Merino sheep in front of gate

Following on from the article earlier this week which looked at price volatility for greasy wool prices, this article compares Merino price volatility to other apparel fibre price series.

An explanation of the method used to define price volatility was given in the article published earlier this week (view article here). Wool prices tend to follow the general cycles and trends of apparel fibre prices (view article here), where occasionally circumstances force a price series to go its own way (think of cotton in 2011). Given these quite strong correlations between fibres, how do price volatilities compare?

Figure 1 shows price volatilities for the average merino micron (Merino), cotton and polyester staple fibre from 1980 to October 2020. There are a couple of points of extreme price volatility, the first of which is Merino at the collapse of the Reserve Price Scheme in the early 1990s and the second which is cotton and polyester staple during the extraordinary cotton boom in 2011. The current level of merino price volatility is high but nowhere near the extreme levels of the past four decades. Overall the Merino price volatility is not significantly different to the volatility seen in cotton and polyester staple fibre prices.

In Figure 2 price volatility for merino is compared to feedstock price series. Feedstocks are the raw materials for manmade apparel fibres (MEG for polyester staple, AN for acrylic and Caprolactum for nylon) so they represent the upper part of the supply chain similar to greasy wool (which is the raw material for wool tops and yarn). The feedstock price series do not cover the full 40 year period, generally beginning in the late 1980s. Interestingly they are more volatile than the merino series. It is not surprising that feedstock prices would be more volatile than their associated manmade fibre prices but it is something of a surprise to see them noticeably more volatile than for merino.

In Figure 3 price volatility is compared for 16 micron combing fleece and a cashmere price series, from the early 1990s onwards. Both price series are sketchy for the early part of the graphic (arguably cashmere quotes are still sketchy). Given this caveat it is clear that the price volatility for 16 micron has trended lower during the past 20 years. In that time the merino clip has changed so that 16 micron has moved from being five microns finer than the average to be now 2.5 to 3 microns finer than the average merino fibre diameter. The cashmere price volatility has not changed greatly, with the 16 micron volatility now on par.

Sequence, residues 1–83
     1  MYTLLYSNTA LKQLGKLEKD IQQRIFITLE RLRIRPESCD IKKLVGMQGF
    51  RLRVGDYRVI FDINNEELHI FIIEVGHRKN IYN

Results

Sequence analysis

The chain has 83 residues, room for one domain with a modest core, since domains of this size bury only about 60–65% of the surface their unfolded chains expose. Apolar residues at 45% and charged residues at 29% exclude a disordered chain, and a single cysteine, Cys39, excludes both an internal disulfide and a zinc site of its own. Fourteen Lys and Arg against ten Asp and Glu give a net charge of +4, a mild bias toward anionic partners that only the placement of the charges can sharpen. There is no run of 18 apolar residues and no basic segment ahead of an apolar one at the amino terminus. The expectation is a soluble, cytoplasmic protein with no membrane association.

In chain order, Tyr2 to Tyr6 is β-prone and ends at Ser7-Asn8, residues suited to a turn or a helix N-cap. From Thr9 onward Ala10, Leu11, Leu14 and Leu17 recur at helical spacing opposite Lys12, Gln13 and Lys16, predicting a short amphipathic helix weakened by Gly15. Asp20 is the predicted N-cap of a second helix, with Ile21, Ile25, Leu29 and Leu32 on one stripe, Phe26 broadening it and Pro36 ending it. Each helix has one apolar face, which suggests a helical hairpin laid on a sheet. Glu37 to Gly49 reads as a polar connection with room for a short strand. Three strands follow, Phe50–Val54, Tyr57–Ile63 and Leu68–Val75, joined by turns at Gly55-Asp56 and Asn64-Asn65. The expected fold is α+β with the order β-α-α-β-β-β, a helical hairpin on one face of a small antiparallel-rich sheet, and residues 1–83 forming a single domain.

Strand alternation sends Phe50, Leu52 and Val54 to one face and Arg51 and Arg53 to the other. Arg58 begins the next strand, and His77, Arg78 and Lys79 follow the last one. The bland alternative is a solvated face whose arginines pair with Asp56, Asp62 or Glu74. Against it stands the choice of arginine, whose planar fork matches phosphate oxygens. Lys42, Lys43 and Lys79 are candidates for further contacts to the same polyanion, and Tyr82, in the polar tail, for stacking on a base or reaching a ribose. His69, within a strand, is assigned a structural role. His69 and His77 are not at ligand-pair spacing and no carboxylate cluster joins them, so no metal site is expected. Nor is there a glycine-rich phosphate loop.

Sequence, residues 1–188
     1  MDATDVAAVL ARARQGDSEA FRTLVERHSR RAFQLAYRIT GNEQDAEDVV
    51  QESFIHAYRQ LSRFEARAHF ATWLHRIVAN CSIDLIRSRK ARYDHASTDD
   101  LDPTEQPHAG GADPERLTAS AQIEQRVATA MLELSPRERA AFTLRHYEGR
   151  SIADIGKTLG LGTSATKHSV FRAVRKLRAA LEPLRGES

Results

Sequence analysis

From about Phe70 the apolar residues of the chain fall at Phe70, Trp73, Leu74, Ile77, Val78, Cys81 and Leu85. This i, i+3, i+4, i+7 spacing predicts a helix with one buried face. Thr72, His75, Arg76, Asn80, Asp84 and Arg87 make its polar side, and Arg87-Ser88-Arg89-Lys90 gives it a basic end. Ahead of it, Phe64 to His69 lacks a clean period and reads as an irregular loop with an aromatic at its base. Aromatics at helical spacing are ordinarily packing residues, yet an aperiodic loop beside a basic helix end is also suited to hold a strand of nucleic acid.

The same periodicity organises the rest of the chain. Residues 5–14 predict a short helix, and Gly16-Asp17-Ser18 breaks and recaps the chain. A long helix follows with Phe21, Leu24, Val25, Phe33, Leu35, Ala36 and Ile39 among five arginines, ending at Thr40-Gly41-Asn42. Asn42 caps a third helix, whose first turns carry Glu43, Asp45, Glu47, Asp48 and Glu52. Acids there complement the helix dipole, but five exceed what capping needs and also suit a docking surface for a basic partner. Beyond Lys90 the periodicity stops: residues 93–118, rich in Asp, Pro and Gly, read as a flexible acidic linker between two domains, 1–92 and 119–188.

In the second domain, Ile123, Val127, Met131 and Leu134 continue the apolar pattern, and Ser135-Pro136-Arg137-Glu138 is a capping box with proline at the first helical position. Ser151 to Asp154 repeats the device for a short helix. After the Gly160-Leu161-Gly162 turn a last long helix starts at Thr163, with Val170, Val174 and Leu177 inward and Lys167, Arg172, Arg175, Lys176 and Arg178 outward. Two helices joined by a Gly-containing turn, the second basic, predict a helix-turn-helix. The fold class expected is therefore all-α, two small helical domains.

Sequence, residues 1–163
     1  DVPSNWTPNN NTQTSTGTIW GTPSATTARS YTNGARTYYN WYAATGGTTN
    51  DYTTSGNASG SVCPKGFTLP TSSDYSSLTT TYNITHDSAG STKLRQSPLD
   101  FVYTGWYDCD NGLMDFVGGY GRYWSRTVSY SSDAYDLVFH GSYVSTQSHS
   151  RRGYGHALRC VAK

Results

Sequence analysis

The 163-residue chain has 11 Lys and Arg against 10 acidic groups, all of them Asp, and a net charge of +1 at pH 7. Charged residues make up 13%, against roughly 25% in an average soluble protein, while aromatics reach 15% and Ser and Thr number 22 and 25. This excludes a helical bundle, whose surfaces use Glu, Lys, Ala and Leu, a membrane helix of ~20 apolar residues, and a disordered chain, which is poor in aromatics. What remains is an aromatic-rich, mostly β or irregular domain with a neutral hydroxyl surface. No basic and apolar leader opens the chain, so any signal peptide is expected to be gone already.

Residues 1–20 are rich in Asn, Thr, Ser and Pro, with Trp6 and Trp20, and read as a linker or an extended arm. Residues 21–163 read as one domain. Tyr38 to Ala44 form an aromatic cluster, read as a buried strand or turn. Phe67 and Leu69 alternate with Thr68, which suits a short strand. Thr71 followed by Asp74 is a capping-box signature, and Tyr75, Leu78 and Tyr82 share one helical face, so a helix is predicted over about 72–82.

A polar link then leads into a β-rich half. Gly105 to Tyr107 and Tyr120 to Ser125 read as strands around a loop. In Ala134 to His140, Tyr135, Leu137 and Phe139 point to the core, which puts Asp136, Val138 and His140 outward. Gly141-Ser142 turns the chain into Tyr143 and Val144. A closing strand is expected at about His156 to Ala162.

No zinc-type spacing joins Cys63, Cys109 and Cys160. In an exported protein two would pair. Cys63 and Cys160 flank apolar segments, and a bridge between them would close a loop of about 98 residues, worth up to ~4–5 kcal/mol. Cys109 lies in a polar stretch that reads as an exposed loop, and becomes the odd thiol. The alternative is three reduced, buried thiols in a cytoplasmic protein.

What does it mean?

The wool industry can be somewhat myopic with regards to price level and volatility. This article shows the merino price volatility to be on par with that seen for cotton and polyester staple fibre. Like price trends, cycles and general levels, wool price volatility looks to be similar to that of the main apparel fibres. Somewhat surprisingly the merino price volatility is appreciably lower than that seen for manmade feedstocks. On the finer side the 16 micron price volatility has trended lower for two decades, to now match that of cashmere.

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Key Points

  • The price volatility for the average Merino micron price has been on par with the price volatility of cotton and polyester staple fibre for the past three decades.
  • In contrast price volatility for manmade feedstock prices have been higher than for merino in the past three decades.
  • Price volatility for 16 micron price has tended lower for the past two decades (from high levels) and is now on par with cashmere volatility.M

Click on figure to expand

Click on figure to expand

Click on figure to expand

Data sources: AWC, WI, AWEX, IMF, RBA, Cotlook, PCI Wood Mackenzie, Emerging Textiles, WTiN, ICS , Mecardo.

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